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NCJ Number: 229342 Find in a Library
Title: How Much Can We Trust Causal Interpretations of Fixed-Effects Estimators in the Context of Criminality?
Journal: Journal of Quantitative Criminology  Volume:25  Issue:4  Dated:December 2009  Pages:391-417
Author(s): David Bjerk
Date Published: December 2009
Page Count: 27
Publisher: http://www.springer.com 
Type: Report (Study/Research)
Format: Article
Language: English
Country: United States of America
Annotation: Using data from the National Longitudinal Survey of Youth for 1997 (NSLY97), this study examined whether "dynamic selection" (individual's changing criminal tendency across time points due to personal decisions) could have a significant effect on whether treatment is effective in reducing criminality.
Abstract: A key issue that arises regarding the assessment of treatment effectiveness is that the allocation of the treatment is not completely random. Rather, the individuals who receive a particular treatment at a given point in time may be systematically different in characteristics from those who do not receive the treatment. These systematic differences might be correlated with the individual's underlying criminal tendencies at that point in time, a process often called "selection." "Dynamic selection" refers to the changing characteristics and motivations of individuals regarding criminal behavior. The current study found that the "dynamic selection" factors of motivation to join gangs and the motivation to marry at any given point in time were related to an individual's criminal behavior. Researchers should be concerned that whatever change an individual is experiencing at a given point in time that causes him/her to join a gang or get married might also be influencing his/her underlying tendency toward criminality. The extent to which this is true will bias the fixed-effects estimates of each treatment on criminality away from zero. This analysis of marriage and gang membership from the NSLY97 shows that such "dynamic selection" could potentially be quite large in its effect on criminality, and it might even be magnified when using more advanced fixed-effects methods, such as Inverse Probability of Treatment Weighting. Given these findings, the author advises researchers to be cautious when interpreting results derived from fixed effects methods that do not account for changes in individuals that influence their decisions at a given time. 6 tables and 59 references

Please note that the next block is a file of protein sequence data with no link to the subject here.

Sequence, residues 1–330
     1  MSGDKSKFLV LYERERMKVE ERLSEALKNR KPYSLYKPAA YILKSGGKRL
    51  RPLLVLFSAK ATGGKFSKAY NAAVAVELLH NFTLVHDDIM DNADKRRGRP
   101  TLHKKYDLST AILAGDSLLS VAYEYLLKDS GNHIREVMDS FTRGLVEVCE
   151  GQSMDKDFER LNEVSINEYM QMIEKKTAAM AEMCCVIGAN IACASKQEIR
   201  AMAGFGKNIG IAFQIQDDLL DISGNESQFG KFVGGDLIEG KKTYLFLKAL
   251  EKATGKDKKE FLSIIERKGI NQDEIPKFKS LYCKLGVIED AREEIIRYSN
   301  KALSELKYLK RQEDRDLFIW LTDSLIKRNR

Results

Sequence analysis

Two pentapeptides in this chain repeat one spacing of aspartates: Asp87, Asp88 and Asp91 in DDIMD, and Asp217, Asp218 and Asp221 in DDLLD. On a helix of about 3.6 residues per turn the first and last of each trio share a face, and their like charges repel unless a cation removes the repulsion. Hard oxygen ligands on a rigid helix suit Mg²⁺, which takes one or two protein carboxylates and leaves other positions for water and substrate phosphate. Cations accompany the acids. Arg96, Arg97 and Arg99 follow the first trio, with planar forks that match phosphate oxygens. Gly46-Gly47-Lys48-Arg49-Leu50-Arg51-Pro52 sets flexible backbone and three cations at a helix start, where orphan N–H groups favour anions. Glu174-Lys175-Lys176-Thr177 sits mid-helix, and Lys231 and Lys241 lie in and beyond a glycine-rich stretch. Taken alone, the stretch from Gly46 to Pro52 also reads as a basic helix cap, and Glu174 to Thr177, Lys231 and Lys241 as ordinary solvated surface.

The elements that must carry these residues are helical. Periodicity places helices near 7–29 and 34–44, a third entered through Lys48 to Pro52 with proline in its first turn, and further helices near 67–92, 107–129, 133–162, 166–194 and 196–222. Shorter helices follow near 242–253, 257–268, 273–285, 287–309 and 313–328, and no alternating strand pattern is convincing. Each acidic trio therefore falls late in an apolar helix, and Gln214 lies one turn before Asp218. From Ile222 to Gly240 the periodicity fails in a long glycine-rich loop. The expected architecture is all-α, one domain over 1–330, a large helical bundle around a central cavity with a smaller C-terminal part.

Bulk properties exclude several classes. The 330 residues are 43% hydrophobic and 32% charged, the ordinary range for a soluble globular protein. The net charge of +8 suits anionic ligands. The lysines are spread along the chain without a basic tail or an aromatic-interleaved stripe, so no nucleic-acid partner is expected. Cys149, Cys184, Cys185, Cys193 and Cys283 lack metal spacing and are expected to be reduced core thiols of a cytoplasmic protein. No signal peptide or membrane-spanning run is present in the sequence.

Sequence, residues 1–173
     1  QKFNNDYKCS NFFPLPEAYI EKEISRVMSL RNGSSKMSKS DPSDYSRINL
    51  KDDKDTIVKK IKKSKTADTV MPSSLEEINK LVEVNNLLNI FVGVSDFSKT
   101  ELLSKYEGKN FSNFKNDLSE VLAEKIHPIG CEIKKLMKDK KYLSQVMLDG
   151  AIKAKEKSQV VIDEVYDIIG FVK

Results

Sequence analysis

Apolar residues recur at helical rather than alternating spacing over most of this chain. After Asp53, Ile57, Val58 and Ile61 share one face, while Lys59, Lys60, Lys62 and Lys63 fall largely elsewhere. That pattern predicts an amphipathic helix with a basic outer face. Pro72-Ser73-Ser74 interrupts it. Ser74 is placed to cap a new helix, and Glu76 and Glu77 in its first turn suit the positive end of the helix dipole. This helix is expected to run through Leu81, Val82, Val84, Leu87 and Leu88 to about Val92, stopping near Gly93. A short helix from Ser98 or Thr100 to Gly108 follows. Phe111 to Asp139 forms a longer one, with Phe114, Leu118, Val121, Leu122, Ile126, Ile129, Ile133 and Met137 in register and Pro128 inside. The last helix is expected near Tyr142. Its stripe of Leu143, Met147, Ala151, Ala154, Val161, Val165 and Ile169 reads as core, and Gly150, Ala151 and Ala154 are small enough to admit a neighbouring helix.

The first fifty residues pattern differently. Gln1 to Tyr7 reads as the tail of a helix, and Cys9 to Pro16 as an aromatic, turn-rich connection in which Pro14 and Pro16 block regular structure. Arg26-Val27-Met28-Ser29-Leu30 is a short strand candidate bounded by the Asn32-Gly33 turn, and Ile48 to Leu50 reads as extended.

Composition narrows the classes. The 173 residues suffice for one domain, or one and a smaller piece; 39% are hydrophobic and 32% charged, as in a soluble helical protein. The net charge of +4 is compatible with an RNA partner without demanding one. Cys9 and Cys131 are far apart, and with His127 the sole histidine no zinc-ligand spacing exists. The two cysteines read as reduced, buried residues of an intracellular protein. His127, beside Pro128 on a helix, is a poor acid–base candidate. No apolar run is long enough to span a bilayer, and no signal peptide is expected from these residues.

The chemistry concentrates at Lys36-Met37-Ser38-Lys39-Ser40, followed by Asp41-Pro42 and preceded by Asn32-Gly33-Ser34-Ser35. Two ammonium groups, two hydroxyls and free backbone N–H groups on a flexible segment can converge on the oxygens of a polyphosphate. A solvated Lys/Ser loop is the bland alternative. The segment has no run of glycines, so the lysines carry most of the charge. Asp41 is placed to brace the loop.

Main Term(s): Criminology
Index Term(s): Behavior modification; Behavior patterns; Behavior typologies; Decisionmaking; Gangs; Individual behavior; Research design; Social conditions; Treatment effectiveness
To cite this abstract, use the following link:
http://www.ncjrs.gov/App/publications/abstract.aspx?ID=251369

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